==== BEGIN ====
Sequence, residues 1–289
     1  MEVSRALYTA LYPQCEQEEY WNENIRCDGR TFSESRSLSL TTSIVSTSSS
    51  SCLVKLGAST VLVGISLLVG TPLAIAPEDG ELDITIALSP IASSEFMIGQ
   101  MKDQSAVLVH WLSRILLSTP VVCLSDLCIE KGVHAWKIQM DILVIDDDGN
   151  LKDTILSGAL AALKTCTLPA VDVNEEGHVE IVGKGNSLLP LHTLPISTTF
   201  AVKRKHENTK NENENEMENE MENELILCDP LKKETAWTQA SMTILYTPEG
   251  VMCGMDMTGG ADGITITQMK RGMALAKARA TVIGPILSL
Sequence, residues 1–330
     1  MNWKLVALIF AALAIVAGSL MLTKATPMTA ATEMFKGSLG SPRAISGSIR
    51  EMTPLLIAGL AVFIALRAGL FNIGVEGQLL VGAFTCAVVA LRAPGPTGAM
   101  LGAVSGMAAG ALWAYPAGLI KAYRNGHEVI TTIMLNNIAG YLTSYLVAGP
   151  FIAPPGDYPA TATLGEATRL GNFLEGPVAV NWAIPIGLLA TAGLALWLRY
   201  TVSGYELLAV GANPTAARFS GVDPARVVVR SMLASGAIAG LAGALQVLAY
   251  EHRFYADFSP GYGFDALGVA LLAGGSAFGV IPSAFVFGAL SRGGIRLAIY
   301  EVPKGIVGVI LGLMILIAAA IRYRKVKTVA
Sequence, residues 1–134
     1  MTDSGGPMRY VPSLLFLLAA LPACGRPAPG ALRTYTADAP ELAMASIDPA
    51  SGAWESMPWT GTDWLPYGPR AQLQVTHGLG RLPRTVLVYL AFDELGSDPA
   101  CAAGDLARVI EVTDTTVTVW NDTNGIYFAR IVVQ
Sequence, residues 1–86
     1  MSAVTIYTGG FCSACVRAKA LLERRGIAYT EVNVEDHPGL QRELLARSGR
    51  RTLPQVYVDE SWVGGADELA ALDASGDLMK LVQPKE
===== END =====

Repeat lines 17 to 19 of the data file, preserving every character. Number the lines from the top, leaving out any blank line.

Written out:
     1  MTDSGGPMRY VPSLLFLLAA LPACGRPAPG ALRTYTADAP ELAMASIDPA
    51  SGAWESMPWT GTDWLPYGPR AQLQVTHGLG RLPRTVLVYL AFDELGSDPA
   101  CAAGDLARVI EVTDTTVTVW NDTNGIYFAR IVVQ